Natural Instincts
Nice ‘n Easy
Pantene
Physique
Redken
Schwarzkopf
Sebastian Professional
Soft & Beautiful
SoftSheen
Suave
Sunsilk
TRESemmé

SOAP & BATH

Dove
Johnson’s
Lux
Shower to Shower

FRAGRANCES

Aramis
Cacharel
Christina Aguilera Perfumes
Coach
Donna Karan
Dunhill Fragrances
Elizabeth Arden
Escada Fragrances
Gucci Fragrances
Hugo Boss
Jo Malone
Lacoste Fragrances
Michael Kors
Missoni
Ralph Lauren Fragrances
Tommy Hilfiger
Viktor & Rolf

TOOTHPASTE AND ORAL CARE

Aquafresh
Close-up
Colgate
Listerine
Mentadent
Pearl Drops
Sensodyne

DEODARANT

Axe
Lady Speed Stick
Mitchum Deodorant
Old Spice
Soft & Dri
Speed Stick
Teen Spirit

FEMININE HYGIENE

Always
Carefree
Femfresh
Stayfree

RAZORS & HAIR REMOVAL

Bic Corporation
Braun
Gillette Co.
Veet

OTHER/PERSONAL HOUSEHOLD

Band-Aid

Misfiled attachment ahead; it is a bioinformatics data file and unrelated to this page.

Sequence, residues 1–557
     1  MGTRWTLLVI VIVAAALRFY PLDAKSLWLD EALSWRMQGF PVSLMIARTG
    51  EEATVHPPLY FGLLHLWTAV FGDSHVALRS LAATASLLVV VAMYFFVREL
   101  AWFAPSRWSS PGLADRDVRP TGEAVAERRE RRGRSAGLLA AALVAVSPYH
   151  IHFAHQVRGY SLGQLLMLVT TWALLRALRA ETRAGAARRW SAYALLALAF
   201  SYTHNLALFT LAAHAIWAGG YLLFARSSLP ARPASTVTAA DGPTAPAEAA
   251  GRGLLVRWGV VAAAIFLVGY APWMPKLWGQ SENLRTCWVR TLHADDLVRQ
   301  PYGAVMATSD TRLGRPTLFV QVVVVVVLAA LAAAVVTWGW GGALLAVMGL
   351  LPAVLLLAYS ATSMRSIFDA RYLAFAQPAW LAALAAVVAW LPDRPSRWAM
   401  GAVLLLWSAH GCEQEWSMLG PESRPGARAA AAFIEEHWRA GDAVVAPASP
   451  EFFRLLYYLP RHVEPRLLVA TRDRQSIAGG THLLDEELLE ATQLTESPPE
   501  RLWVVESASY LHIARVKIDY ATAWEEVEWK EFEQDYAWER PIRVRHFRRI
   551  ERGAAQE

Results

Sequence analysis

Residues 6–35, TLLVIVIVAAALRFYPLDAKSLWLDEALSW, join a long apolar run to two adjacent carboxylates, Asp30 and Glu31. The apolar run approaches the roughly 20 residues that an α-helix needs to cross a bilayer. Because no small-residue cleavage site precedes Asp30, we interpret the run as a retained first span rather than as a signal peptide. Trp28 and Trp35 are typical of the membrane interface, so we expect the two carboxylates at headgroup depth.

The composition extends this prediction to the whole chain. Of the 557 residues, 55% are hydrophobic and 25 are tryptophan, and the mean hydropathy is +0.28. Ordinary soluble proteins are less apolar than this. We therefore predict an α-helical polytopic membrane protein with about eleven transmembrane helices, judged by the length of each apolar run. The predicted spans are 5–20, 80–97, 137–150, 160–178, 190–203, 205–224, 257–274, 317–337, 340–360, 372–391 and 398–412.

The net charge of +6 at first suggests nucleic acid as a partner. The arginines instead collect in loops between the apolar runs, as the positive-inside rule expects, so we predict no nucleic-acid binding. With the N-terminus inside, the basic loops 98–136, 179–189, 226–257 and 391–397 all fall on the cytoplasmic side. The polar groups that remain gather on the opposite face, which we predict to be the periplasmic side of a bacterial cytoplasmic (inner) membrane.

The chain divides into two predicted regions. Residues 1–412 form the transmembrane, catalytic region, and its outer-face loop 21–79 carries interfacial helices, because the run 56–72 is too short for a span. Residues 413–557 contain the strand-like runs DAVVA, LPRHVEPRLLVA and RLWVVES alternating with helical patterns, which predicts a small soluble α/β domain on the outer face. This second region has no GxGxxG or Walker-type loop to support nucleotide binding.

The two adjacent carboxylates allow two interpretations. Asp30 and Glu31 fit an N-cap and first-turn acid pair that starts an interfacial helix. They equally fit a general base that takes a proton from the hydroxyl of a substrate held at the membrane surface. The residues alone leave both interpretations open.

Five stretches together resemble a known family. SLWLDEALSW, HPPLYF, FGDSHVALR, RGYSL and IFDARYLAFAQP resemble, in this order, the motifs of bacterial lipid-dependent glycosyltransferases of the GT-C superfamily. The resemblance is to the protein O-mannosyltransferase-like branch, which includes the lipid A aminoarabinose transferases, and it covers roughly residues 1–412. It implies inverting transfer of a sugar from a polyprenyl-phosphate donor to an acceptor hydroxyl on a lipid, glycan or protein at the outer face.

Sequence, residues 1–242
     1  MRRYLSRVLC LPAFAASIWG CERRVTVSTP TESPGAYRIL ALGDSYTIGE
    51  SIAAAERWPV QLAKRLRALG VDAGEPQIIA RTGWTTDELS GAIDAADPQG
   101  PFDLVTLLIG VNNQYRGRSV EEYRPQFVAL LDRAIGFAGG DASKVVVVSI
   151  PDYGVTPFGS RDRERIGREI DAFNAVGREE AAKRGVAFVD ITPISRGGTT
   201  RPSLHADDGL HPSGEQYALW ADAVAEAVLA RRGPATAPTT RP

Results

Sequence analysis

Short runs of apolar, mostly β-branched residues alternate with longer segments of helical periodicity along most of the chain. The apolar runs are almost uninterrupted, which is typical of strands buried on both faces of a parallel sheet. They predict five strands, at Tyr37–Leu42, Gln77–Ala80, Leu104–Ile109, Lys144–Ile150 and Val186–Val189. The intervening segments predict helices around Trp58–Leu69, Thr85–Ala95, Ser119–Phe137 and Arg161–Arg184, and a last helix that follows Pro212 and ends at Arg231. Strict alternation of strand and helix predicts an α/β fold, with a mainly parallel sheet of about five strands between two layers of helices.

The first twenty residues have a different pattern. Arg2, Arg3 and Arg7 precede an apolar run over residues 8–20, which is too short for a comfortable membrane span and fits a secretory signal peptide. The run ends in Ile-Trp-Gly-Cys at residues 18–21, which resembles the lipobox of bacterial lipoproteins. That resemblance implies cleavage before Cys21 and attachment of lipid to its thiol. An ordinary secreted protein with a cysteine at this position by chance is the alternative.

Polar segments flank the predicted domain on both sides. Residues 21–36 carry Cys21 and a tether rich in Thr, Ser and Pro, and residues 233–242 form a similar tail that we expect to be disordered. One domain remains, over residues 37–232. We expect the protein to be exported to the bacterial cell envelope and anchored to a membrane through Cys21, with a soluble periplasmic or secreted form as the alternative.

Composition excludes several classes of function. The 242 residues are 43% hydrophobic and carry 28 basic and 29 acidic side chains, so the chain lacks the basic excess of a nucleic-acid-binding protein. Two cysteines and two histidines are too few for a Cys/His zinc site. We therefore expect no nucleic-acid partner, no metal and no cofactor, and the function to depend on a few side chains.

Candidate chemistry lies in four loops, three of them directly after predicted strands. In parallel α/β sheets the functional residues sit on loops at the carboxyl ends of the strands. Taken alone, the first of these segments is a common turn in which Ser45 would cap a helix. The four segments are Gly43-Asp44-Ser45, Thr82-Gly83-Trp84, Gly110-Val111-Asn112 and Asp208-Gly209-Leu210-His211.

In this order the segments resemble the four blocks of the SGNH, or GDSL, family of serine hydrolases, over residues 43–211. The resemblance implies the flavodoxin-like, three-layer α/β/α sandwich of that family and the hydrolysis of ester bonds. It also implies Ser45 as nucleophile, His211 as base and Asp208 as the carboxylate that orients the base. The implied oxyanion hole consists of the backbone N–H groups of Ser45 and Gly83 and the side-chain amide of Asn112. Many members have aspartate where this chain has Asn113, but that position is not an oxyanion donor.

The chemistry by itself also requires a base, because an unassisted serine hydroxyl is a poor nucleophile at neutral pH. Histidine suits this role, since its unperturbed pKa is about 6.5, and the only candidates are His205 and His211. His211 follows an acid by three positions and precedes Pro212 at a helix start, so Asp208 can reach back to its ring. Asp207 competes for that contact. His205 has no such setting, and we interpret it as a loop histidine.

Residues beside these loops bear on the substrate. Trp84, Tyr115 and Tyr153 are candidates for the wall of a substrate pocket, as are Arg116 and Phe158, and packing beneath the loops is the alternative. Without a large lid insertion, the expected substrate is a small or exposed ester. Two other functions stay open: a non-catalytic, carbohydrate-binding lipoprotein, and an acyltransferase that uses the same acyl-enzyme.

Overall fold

Pampers
ReNu
Savlon
Vaseline
Vicks

CLEANING

Air Wick
Finish
Glad
Glade
Mr. Clean
Nature’s Source
Oust
Palmolive
Pledge
Raid
Sunlight
Windex

LAUNDRY

Comfort
Woolite

More information:

Leaping Bunny Program

Paul Mitchell, Badger Balm and Dermalogica products, while not tested by BWC, have been approved by the Leaping Bunny Program, which means that they adhere to international cruelty-free standards. However, they may contain ingredients that are required by law to be tested on animals after a specified cut-off date and are therefore not approved by BWC.

About Beauty Without Cruelty / Beauty Without Cruelty SA